'Now this sweet vision of my boyish hours
Free as spring clouds and wild as summer flowers
Is faded all--a hope that blossomed free
And hath been once no more shall ever be
Inclosure came and trampled on the grave
Of labours rights and left the poor a slave
And memorys pride ere want to wealth did bow
Is both the shadow and the substance now
The sheep and cows were free to range as then
Where change might prompt nor felt the bonds of men
Cows went and came with evening morn and night
To the wild pasture as their common right
And sheep unfolded with the rising sun
Heard the swains shout and felt their freedom won...'
from the poem 'The Mores' by John Clare, 1824
We are used to the transformation brought by urban development, but we tend to think of the countryside as more permanent and natural. The reality is very different. What was common or distinctive in one part of the forest a century or two ago may now be very rare or have been completely destroyed, like the heath lands between Stamford and Peterborough, the loss of which in the 19th century so troubled John Clare. Much in the countryside that we take for granted today has lost its original function and is in terminal decay, though we may not realise it. Other things are building up and transforming the landscape almost without us noticing. This is because the forces work over periods far greater than a single lifetime. Only historical and archaeological study can reveal such a wide sweep of time and show us the changes that are under way. Most importantly it helps us to predict where those forces are taking the landscape – what it may be like in the future and how we might influence those changes in a positive way. Only with this knowledge, if wisely used, will it be possible to ensure that the distinctive character of the forest, which so many of us value, is maintained for future generations to enjoy.
What the Rockingham Forest Project has attempted to do is to chart the ways and speed with which the landscape of the forest has evolved in the past, particularly over the last 1000 years. From this we can see that the forest is constantly in a state of flux, but that at some times and in some places change is very rapidly and in others very slow. Today we are clearly in a period of rapid transformation, as industrialisation and urbanisation affects the countryside as well as the town. By detailed mapping of the changing landscape over a long time frame it has been possible to identify some of the underlying trends. We can begin to see much of what has been lost and why and we can recognise some of the most important ongoing trends that are transforming the modern landscape. Perhaps most importantly, we can begin to see clearly what we have inherited from earlier periods and how vulnerable it is without effective conservation. Often things that appear to be early survivals that show us something of the character of earlier landscape have proven to be of quite recent origin. Other features that seem at first sight to be fairly ordinary have been shown to have very early origins and to be rare survivals.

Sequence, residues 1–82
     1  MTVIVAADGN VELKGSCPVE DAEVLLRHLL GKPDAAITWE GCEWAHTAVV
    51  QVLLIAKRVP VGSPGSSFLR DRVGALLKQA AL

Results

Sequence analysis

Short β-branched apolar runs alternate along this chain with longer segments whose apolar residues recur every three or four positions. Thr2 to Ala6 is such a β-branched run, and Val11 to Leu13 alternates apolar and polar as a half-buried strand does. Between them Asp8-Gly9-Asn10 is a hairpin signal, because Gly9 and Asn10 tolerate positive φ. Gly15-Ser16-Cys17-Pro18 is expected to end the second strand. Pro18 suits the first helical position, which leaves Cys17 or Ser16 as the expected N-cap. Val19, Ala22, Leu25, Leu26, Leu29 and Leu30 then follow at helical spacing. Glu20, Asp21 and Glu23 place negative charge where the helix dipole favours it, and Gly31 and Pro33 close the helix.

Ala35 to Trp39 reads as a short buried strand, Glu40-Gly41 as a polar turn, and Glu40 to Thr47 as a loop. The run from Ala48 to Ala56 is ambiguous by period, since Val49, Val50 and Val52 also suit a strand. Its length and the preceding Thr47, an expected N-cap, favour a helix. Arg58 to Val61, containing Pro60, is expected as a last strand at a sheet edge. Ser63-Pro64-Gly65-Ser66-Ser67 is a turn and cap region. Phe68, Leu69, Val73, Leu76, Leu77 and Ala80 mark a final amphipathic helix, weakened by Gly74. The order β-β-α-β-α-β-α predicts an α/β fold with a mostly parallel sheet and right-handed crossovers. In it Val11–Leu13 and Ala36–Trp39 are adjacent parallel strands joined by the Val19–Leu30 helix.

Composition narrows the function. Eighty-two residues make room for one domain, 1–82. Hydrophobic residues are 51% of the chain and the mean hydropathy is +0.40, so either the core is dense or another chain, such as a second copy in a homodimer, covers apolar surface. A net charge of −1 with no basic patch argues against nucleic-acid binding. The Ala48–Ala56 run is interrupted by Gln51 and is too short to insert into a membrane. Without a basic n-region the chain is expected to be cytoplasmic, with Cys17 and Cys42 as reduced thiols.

The value of such evidence is that it allows us to take far more informed decisions about how we manage change in the countryside. There is much within the Rockingham Forest Landscape that is worth conserving for its historic value. Some elements, like the earthwork remains of villages, the ridge and furrow of the medieval fields or the banks which define the layout of medieval coppices, are important as a unique archaeological record. If they are conserved then future generations will be able to investigate them and thus write a far more detailed and interesting history of the making of the forest landscape. But what we have inherited from the past, the living and functioning woods and hedges, the pattern of roads and settlement are also of importance, because it is past land use that has created the great diversity of the modern landscape of the forest, the very thing that people most value about the forest.
Wind turbines can have a wide visual impact. It is important that this is taken into account through wide scale viewshed studies to ensure they do not provide an inappropriate intrusion into our best preserved historic landscapes.
In recounting this Story of the Forest, we hope we have been able to show how much has been created and how much we have lost by man’s actions – from the heaths of Collyweston to the hay meadows of Islip, from the open fields of Sutton Bassett to the coppices of Nassington. Where there are rare or valued survivals from past landscapes we should consider whether we wish to keep them. We can now see there are plenty of areas where the landscape has and is being rapidly transformed, where the new landscape we need and want can be created without losing a great deal of historic value, while at the same time in other areas we could at the same time conserve the best of that which we have inherited from the past.